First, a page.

And yet, there's nothing to stop a scientist from believing in a created Universe, or prevent a Christian, Muslim or Jew from accepting the tenets of empirical science. A literal interpretation of Old Testament stories is out of the question, but there is still room for a more developed, modern view of these religions, which many people worldwide ascribe to. I know less about pantheistic faiths, such as Hinduism, so cannot really comment on how compatible these would be with such an approach, although I'd be very interested to learn. Animistic faiths, still followed by many tribal groups throughout Asia, Africa, Oceania and the Americas, are in many ways highly compatible, worshipping, essentially, the laws of nature.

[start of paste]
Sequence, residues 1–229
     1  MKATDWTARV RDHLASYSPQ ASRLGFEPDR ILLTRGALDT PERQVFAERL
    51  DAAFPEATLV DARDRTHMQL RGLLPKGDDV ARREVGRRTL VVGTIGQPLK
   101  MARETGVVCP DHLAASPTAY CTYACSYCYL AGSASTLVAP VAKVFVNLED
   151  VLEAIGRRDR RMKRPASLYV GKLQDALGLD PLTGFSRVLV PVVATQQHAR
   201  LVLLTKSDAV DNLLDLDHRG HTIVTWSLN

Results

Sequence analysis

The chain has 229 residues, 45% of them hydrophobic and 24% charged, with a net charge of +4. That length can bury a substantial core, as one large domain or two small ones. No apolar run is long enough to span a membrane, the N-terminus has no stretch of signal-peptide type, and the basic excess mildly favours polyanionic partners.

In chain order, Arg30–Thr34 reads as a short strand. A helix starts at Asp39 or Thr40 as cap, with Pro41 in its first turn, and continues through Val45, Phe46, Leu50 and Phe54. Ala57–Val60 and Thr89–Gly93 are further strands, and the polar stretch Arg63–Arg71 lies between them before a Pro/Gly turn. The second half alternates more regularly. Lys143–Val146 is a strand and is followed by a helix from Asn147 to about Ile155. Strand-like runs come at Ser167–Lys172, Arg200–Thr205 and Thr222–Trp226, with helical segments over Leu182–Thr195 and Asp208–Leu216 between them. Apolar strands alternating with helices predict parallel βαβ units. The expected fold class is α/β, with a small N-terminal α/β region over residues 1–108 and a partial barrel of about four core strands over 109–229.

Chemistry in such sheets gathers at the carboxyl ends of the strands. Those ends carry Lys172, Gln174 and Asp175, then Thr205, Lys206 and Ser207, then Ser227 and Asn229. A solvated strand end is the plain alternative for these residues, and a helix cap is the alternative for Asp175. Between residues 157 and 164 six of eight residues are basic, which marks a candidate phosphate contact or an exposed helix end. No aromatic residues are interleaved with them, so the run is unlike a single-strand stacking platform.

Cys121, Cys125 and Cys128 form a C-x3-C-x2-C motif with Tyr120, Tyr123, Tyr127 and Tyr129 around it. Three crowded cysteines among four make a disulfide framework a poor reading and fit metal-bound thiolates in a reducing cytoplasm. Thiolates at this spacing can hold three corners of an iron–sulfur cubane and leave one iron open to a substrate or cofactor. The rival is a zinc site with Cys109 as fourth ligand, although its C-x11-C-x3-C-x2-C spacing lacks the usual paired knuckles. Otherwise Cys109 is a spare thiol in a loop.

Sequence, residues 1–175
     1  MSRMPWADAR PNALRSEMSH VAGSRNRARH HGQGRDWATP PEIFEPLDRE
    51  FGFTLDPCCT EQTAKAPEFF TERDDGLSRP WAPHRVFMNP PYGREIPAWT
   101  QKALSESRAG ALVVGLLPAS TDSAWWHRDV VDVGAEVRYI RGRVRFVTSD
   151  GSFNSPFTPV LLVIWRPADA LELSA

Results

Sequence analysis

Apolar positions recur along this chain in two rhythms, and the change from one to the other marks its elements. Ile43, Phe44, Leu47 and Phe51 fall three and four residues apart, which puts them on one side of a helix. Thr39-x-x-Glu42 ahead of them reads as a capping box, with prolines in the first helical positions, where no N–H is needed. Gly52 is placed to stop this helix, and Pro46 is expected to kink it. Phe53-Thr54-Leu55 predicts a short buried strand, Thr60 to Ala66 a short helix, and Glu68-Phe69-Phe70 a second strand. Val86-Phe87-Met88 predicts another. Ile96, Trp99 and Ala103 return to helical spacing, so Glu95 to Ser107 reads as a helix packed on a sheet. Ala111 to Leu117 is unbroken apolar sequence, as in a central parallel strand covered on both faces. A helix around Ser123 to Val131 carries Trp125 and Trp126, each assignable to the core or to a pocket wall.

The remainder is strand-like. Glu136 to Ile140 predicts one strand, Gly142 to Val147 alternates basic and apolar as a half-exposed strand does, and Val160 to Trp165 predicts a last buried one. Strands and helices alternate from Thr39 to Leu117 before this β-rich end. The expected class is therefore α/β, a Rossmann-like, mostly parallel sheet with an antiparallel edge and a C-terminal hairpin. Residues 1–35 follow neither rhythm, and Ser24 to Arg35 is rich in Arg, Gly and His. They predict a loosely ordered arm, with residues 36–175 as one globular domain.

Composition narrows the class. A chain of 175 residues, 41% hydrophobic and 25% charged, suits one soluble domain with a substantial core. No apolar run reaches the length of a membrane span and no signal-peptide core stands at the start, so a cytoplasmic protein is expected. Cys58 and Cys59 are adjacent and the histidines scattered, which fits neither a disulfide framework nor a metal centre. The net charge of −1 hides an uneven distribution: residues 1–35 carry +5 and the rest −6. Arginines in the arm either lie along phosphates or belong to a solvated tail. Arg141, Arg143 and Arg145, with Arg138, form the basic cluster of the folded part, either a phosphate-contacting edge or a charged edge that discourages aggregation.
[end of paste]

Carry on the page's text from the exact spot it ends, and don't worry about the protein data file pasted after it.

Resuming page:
Personally, I find it difficult to believe in the Christian God, for the simple reason that the Universe, in all its complexity and splendour, is evidently not perfect, and I fail to see how an omnipotent, omniscient, omnipresent God could create a flawed creation, filled with suffering and basic errors. Too many children are boon with terrible, agonising genetic diseases for me to ever accept such a belief. However, that doesn't preclude the possibility of some form of Creator God.

Thursday 15 December 2011

Phantoms, Time Lords and Elder Things